“Layer 2 is often touted as our best scaling option. The industry has spent years trying figure out the best Layer 2 model. We’ve seen state channels, plasma, and now, rollups. All have their own trade-offs.
The reason Rollups have become the defacto L2 scaling method is that they offer similar capabilities as Plasma, but they also solve the data availability problem. Rollups offer many-to-many transactions, smart-contract capabilities, and significantly reduced total L1 blockspace requirements.
That’s why rollups are so promising. It sufficiently scales the network with full security guarantees. Layer 2’s aren’t perfect yet, but don’t be mistaken…They’re coming.”
“How is it possible in 2021 to have 136% of stock sell short? Who allows such things to exist and why isn’t anyone being held responsible? While everyone is focused on enabling the Reddit mob to buy GME, no one is looking into the root cause of the GME problem: the collusion of brokers and hedge funds to use naked shorting to destroy companies for pure profit.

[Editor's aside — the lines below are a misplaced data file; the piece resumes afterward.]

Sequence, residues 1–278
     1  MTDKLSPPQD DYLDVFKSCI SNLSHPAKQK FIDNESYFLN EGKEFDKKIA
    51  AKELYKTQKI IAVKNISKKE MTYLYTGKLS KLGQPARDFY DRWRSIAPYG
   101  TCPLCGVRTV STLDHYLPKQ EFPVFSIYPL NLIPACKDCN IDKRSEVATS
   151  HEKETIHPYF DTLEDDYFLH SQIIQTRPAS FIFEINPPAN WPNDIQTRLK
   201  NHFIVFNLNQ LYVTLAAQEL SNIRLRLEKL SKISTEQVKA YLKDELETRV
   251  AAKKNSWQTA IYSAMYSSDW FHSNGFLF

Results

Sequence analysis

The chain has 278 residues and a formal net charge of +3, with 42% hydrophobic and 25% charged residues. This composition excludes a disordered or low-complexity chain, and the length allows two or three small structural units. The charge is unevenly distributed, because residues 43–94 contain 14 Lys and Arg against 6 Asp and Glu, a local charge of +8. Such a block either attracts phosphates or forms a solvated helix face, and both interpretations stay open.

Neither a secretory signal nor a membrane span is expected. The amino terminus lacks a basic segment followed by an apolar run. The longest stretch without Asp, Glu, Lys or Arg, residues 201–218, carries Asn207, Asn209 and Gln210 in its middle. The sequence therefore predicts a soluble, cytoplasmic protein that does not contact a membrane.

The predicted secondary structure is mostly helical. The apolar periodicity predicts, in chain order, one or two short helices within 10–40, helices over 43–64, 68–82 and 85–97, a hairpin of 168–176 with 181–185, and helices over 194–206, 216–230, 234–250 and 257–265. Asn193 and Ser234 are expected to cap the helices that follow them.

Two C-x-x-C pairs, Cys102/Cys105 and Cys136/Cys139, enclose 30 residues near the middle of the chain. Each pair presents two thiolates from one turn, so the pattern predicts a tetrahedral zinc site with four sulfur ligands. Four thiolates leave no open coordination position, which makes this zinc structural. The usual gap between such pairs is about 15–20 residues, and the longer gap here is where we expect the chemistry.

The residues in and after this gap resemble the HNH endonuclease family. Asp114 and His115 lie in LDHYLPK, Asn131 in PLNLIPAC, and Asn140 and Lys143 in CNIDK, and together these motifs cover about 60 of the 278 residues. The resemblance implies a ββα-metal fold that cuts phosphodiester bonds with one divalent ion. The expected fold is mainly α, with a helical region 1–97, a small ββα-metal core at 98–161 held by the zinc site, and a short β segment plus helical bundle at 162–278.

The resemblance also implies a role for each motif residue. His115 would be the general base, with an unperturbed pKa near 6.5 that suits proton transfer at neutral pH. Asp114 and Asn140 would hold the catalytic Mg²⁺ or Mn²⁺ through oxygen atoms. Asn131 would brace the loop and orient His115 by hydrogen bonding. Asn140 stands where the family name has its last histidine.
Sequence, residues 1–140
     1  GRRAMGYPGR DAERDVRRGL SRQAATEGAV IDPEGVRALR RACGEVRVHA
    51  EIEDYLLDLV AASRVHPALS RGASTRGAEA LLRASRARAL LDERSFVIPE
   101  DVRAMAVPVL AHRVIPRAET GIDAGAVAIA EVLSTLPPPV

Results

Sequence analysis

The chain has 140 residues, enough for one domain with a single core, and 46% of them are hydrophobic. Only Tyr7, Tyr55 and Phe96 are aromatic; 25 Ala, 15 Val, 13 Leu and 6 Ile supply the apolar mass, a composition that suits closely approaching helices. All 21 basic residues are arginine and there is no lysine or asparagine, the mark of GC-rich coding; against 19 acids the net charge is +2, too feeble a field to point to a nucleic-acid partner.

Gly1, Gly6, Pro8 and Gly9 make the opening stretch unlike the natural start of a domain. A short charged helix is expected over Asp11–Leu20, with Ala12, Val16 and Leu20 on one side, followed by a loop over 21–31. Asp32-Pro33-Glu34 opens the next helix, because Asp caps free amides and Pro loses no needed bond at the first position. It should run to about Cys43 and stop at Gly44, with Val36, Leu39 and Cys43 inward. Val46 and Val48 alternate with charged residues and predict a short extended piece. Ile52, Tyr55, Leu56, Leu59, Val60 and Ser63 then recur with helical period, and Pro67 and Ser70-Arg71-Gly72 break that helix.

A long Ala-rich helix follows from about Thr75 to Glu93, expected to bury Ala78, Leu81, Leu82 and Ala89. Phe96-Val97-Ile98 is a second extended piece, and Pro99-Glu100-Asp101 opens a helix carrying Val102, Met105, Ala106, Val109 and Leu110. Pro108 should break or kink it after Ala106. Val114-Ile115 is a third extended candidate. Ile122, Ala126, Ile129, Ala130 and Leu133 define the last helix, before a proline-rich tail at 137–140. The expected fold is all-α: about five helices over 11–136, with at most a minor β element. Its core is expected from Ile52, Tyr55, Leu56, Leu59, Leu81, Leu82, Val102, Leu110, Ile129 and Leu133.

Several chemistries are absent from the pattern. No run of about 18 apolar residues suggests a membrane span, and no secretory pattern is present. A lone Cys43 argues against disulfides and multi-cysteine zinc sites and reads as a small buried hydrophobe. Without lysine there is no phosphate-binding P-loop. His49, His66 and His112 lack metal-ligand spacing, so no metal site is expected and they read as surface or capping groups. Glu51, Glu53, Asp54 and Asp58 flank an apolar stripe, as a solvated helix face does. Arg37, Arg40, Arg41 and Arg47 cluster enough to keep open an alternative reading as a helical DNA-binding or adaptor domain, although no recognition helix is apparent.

When the GameStop short squeeze took place, we found out who Robinhood’s largest customer really was: Citadel & Point72 (two of the most storied hedge fund managers on Wall Street), which pays Robinhood over $300 million in fees yearly for the order flow and securities lending.
We need to take advantage of this moment, when the traditional financial institutions are exposed, to introduce the waves of innovation that have been occurring on blockchain technologies.